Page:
Le Chameau Condor LCX boot - test & review
PUBLISHED: 17:10 15 March 2018 | UPDATED: 17:10 15 March 2018
Editor Dom Holtam puts the Condor LCX boots from Le Chameau to the test and finds them to be a great boot for UK highland and lowland stalking
For the past couple of months, I’ve been giving my feet a treat with the latest Condor LCX hunting boots from Le Chameau. It is a famous name in the welly game and still top of the wishlist for fieldsports enthusiasts and festival goers alike, but their leather hunting boots have lost ground against other brands in recent years and this new contender is designed to re-establish Le Chameau at the head of the sector.
They certainly look like a premium product, with oiled nubuck uppers and quilted green detailing. What attracted my attention first, however, was that the Condor LCX has been developed to be the lightest and most comfortable hunting boot on the market, weighing just 1,490g per pair.
They are certainly lighter than their looks suggest and only my Lowas have them beaten – but those are significantly shorter and not leather.
Designed in partnership with tyre experts Michelin, the ‘Deep Forest’ sole is based on motocross tyre technology, resulting in an exceptionally light, hardwearing and comfortable outsole that offers flexibility and grip in the most demanding terrain. It seems to shed dirt pretty well and avoid clogging while never feeling cumbersome.
This is not an out-and-out mountain boot with super-rigid ankles. It is more flexible, while still giving good support, and offers a surprising degree of ‘foot feel’ when creeping slowly, trying to pick your way silently into quarry.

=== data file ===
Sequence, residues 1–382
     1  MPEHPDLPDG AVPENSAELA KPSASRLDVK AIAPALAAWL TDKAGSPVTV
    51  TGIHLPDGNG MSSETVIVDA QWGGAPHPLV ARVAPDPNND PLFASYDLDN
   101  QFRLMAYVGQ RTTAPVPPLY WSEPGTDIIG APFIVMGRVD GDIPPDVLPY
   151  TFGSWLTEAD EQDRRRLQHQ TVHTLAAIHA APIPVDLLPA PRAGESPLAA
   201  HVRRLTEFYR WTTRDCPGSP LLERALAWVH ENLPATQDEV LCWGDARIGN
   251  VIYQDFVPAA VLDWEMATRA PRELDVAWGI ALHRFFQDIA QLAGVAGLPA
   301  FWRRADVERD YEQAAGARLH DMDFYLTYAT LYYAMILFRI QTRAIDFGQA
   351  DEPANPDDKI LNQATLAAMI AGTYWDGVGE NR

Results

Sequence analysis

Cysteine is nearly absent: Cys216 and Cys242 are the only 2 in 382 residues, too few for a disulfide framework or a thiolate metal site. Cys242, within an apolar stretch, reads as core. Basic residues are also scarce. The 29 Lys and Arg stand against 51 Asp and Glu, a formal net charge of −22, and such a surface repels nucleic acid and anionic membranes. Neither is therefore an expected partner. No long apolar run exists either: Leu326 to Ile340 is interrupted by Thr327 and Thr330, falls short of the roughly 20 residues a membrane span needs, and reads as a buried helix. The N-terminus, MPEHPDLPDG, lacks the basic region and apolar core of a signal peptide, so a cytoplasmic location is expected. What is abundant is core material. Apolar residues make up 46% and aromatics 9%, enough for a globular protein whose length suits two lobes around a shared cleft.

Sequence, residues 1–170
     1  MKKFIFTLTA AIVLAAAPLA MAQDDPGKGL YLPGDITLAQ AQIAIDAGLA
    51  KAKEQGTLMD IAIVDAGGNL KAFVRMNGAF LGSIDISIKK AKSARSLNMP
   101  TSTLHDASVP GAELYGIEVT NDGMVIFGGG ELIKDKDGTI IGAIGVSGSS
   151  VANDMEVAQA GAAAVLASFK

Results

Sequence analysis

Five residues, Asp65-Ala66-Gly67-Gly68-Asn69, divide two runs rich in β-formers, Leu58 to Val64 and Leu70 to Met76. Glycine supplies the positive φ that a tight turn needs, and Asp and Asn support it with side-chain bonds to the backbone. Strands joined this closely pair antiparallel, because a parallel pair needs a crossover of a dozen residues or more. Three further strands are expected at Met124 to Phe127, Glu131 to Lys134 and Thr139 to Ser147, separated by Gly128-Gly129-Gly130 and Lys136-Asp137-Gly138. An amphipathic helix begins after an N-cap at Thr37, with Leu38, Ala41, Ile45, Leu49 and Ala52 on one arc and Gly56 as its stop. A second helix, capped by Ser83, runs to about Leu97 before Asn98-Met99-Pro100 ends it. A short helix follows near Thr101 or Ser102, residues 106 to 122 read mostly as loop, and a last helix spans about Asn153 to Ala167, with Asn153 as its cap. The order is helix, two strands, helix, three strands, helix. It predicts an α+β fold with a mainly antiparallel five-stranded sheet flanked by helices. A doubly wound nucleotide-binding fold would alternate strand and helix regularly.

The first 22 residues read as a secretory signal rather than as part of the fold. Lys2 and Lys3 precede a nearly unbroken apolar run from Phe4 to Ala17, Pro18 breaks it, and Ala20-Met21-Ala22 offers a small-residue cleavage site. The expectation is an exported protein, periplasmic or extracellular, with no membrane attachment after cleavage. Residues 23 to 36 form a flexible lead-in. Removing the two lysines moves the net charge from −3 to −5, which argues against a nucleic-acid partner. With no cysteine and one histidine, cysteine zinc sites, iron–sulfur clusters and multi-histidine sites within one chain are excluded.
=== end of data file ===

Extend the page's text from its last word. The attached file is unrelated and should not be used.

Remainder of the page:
If you are up an alp after chamois every couple of months, a more specialised boot might be better – but for UK hunting, lowland or highland, it seems to strike an excellent balance.
Using a complex 5-layer construction, the LCX lining prevents water permeating the boot while simultaneously allowing vapour to escape easily. My feet never felt uncomfortably hot or sweaty during sustained wear and they certainly live up to the waterproof billing during recent heavy rain and flooded fields.
Le Chameau advise ordering a size larger than you would usually due to the tighter fit. However, I have quite narrow feet so ordered my usual UK 10.5 and found the fit to be excellent. I have dispensed with a second pair of socks using one medium thickness sock and finding that sufficient. If you have wide feet, then the sizing advice will make more sense.
Some boots require hefty breaking-in periods, but I wore these around the office for a day or two and on a couple of dog walks and there wasn’t any discomfort or rubbing so they got promoted straight to active duty.
I do find the bottom speed lacing arrangement is a bit tight and can be fiddly to disengage with cold fingers when taking the boots off. And as always with a hunting boot, longevity and durability in hostile environments are the most telling assets.
So far so good, then, for the Condors and whereas some ‘winter’ boots get put away for the warmer months, I can see myself keeping these on for the whole year.